Dr. Julie Gilson - Legacy Learning

This session illustrates legacy learning through the examination of a final year module on Asia for which small groups of students had to produce a documentary video and individual self-reflection paper. Although the putative goal of the endeavour was envisioned as the realisation of the documentary itself, the self reflection exercise by students suggests that the underlying learning value of the exercise may in fact rest in the self-realisation of the learner.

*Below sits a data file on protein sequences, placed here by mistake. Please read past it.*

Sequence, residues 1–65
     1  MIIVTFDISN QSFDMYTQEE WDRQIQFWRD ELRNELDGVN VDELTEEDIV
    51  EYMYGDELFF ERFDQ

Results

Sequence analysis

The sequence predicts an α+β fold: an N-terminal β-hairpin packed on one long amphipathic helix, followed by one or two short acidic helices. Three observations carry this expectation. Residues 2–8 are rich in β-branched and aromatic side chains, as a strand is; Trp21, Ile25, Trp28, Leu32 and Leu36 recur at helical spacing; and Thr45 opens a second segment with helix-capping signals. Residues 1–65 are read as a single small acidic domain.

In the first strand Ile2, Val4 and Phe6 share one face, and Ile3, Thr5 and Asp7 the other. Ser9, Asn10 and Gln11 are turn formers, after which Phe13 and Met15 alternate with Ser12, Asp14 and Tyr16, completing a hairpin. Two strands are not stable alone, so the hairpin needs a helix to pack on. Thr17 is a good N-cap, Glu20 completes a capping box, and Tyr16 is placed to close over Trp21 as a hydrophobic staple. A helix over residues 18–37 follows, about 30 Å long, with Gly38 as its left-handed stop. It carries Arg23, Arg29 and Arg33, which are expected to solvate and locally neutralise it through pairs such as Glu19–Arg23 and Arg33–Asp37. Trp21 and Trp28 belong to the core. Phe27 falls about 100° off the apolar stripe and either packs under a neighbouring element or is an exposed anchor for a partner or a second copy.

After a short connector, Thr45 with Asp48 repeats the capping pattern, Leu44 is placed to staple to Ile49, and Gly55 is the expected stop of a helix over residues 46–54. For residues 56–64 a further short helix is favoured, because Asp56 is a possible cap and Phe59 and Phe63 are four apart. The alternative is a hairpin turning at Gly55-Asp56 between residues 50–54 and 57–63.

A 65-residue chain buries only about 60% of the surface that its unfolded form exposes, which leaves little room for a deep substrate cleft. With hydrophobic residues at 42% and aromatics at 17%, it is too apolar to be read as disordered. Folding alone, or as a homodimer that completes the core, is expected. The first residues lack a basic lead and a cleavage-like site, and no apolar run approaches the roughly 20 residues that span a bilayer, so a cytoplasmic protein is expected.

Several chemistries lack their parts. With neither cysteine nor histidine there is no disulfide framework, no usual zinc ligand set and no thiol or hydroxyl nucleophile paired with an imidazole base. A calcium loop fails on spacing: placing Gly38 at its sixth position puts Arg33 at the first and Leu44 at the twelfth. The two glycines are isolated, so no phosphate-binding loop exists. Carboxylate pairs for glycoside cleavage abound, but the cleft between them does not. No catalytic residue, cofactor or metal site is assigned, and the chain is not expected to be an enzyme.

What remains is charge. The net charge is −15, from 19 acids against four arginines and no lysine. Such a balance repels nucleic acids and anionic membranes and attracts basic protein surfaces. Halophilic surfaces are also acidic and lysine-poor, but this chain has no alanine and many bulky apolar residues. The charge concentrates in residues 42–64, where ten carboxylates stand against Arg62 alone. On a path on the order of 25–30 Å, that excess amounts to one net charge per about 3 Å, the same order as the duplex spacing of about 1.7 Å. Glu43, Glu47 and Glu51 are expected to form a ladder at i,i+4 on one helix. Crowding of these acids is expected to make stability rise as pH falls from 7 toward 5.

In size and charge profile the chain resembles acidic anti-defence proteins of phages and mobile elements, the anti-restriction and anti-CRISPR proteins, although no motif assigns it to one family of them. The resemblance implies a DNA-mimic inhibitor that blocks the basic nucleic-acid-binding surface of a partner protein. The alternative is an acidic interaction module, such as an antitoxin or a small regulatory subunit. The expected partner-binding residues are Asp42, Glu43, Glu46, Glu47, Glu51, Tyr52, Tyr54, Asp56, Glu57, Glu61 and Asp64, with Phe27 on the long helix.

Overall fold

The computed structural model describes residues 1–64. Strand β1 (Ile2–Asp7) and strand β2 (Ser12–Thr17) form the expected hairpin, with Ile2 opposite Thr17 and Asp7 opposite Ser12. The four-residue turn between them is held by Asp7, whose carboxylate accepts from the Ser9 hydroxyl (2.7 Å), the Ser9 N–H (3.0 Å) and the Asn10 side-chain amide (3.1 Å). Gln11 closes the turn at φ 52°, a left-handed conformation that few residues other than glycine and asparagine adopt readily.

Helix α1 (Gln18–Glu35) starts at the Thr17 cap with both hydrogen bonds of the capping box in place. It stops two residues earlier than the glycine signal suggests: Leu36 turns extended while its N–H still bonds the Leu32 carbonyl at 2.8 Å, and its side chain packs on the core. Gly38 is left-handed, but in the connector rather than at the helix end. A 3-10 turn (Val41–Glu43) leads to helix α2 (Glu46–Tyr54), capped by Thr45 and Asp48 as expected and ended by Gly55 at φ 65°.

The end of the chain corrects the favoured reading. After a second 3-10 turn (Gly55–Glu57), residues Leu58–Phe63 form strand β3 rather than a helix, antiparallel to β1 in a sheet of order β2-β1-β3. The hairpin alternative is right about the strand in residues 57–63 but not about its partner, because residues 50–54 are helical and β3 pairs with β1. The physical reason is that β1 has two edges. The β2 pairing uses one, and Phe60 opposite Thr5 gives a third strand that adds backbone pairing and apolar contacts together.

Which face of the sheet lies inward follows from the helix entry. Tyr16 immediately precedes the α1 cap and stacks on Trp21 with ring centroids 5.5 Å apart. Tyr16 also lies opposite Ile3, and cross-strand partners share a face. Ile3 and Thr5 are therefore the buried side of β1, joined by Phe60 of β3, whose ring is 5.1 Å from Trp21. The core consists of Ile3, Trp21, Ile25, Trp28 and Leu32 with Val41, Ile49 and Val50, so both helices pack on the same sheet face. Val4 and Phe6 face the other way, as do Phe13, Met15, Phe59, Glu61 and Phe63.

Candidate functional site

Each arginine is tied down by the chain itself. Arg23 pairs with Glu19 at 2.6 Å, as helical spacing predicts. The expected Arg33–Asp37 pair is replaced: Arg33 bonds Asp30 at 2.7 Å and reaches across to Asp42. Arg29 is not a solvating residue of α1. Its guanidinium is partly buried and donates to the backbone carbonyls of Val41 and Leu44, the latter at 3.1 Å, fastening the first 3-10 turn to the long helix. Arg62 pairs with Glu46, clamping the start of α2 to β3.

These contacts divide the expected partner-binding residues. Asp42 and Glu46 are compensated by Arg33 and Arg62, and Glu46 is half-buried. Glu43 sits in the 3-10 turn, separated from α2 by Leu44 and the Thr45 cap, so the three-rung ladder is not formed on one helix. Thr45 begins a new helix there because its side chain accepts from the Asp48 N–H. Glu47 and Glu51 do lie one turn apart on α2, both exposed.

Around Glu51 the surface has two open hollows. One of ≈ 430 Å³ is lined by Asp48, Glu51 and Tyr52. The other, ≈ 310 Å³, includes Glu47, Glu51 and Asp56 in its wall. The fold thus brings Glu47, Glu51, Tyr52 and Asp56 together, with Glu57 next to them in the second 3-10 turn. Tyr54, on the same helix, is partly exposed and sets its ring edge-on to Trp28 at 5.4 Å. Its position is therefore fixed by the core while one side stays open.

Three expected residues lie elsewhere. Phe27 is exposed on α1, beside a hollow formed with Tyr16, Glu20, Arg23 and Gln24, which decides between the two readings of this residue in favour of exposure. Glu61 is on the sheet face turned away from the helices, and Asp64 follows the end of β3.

Legacy learning refers to the act of creating an archive or artefact for the benefit of posterity; collating, collecting and creating a virtual or tangible article for successive cohorts to utilise as a learning resource. It is also a tangible product that students may use to demonstrate their skills to prospective employers; something to take away with them from the process of learning. At the heart of the concept are two key factors: collaboration and the process of self-reflection. While group work can offer an excellent opportunity for developing collaborative and communication skills, it needs to be integrated into the broader process of learning. In order to achieve this end, it is important for assessors to review the progress of students and to comment on their process of production – rather than simply on the end product – and still more significant for the students to become cognisant of their own experiences of engagement throughout the process.